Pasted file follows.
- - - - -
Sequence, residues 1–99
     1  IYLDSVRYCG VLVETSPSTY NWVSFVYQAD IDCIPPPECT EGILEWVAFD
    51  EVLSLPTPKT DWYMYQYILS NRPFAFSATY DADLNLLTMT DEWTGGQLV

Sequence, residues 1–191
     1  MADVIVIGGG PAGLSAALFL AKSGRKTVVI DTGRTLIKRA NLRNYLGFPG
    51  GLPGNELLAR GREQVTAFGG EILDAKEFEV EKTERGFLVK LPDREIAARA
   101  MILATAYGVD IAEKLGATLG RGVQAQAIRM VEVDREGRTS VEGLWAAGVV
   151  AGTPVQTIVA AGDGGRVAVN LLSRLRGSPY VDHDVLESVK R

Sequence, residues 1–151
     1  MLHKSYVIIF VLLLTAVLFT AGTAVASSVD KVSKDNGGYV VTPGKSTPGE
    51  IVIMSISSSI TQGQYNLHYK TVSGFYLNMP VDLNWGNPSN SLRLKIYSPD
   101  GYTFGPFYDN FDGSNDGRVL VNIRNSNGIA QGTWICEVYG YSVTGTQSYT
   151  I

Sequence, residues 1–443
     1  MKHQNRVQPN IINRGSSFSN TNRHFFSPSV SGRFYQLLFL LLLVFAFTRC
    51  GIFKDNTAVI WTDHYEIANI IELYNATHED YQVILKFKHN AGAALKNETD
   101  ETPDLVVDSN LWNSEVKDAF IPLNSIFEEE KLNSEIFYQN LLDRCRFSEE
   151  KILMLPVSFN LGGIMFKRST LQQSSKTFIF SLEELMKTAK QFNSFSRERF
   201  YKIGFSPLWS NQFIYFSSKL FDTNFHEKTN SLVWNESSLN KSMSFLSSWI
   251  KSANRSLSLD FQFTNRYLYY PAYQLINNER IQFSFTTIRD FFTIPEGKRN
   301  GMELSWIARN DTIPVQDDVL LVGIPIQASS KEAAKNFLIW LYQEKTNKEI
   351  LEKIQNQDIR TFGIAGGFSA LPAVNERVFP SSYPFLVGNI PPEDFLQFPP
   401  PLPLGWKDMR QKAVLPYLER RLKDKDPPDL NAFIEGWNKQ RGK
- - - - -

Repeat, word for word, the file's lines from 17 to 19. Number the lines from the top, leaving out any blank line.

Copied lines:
   101  ETPDLVVDSN LWNSEVKDAF IPLNSIFEEE KLNSEIFYQN LLDRCRFSEE
   151  KILMLPVSFN LGGIMFKRST LQQSSKTFIF SLEELMKTAK QFNSFSRERF
   201  YKIGFSPLWS NQFIYFSSKL FDTNFHEKTN SLVWNESSLN KSMSFLSSWI